• Income eligibility. Medicaid is means-tested. Individuals not only must be in one of the program's specified categories but also cannot have income that exceeds the income standard for the category. Medicaid income standards vary across beneficiary groups (and by state) and are expressed in different ways. Some standards are tied to percentages of the Federal Poverty Level while others are keyed to cash assistance programs (e.g., SSI). Some standards are set in federal law and others by the states. Some vary based on family size. It is important to point out that the income standard against which Medicaid eligibility is tested applies only to the income that remains after the application of disregards. Disregards reduce a person's or household's gross income (from all sources of countable income) to arrive at the amount of income that is countable and compared to the standard. This practice has a close counterpart in income tax rules, which exempt certain types or amounts of income from taxation and allow certain types or amounts to be deducted from otherwise taxable income. For example, in the case of people with disabilities, the first $20 of monthly income (regardless of source) is disregarded.
  • Resource Eligibility. In most cases, Medicaid eligibility also is tied to threshold amounts of resources (e.g., cash and savings). A resource standard is the maximum dollar amount of resources that a person may have and still qualify for Medicaid. A typical resource standard for people with disabilities is $2,000. As with an income standard, the resource standard is applied to the total dollar value of a person's resources after the application of rules about whether specific types of resources are countable and how resources are valued. For example, in the case of individuals with disabilities, the person's own home is not counted as a resource and, thus, is disregarded when determining eligibility.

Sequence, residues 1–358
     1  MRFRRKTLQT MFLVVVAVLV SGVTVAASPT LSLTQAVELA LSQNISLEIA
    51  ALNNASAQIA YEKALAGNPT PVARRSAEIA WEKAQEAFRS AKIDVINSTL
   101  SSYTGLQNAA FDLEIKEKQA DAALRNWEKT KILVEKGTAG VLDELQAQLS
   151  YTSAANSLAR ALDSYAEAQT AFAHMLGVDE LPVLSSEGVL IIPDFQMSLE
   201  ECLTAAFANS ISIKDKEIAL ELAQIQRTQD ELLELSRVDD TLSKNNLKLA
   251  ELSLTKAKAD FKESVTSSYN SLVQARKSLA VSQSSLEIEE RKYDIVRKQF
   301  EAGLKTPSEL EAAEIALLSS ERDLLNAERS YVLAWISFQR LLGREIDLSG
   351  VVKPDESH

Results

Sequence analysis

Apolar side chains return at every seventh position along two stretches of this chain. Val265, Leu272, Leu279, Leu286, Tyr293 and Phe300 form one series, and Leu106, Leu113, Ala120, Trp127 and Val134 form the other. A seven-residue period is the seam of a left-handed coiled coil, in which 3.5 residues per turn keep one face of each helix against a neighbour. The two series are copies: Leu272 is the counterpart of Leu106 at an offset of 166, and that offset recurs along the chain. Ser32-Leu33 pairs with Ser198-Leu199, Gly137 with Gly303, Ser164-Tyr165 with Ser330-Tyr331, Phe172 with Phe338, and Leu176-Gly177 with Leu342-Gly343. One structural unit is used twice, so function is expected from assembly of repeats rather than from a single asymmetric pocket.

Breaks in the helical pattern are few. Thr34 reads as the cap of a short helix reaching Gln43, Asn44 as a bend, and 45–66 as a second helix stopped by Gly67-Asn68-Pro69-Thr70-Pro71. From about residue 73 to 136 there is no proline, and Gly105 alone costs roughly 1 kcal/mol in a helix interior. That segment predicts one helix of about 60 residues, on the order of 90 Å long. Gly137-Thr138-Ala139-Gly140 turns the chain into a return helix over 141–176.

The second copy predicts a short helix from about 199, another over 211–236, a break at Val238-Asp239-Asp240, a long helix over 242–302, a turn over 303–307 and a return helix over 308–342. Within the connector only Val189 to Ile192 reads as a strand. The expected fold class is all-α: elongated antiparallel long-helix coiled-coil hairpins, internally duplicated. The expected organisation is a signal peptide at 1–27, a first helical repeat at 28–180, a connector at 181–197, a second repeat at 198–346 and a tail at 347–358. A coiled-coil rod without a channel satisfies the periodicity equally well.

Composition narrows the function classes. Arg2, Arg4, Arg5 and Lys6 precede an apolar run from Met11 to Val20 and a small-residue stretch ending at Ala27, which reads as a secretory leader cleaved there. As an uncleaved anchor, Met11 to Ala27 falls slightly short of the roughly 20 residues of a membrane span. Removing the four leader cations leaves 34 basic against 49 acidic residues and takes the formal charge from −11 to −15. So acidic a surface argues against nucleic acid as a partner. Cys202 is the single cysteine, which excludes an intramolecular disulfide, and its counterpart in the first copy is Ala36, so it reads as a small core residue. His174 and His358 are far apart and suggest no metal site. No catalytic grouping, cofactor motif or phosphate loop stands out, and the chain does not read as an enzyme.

• Immigration Status. Most legal immigrants who entered the United States before August 22, 1996, and who meet all other financial and non-financial Medicaid requirements, are eligible for Medicaid, either because the immigrant can be credited with 40 quarters of Social Security coverage or, if not, at a state's option. The majority of legal immigrants who entered after August 1996 are ineligible for basic Medicaid benefits until they have been in the country for five years (with the exception of emergency services). Once a non-exempt immigrant meets the five-year test, a state may grant eligibility before the individual becomes a citizen and must grant eligibility if the person has 40 hours of creditable Social Security coverage. The 1997 Balanced Budget Act provided that legal immigrants who receive SSI benefits are eligible for Medicaid even though they may not have been in the United States for five years.3
  • Residency. A person must be a resident of the state in which he or she is applying for Medicaid. A state may not deny Medicaid eligibility because a person has not resided in a state for minimum period of time.

Working-age adults with serious mental illnesses also may qualify for Medicaid by being a member of a low-income family with children or under special provisions that apply to low-income pregnant women. A person’s disability is not a criterion for eligibility in these groups; instead, the applicable criteria revolve around the composition of the household (which must include one or more children in the case of adults applying for family coverage) and income. While there is no direct tie between disability and Medicaid eligibility for adults in these households, there is considerable evidence that many adults in qualifying low-income households also have serious mental illnesses.4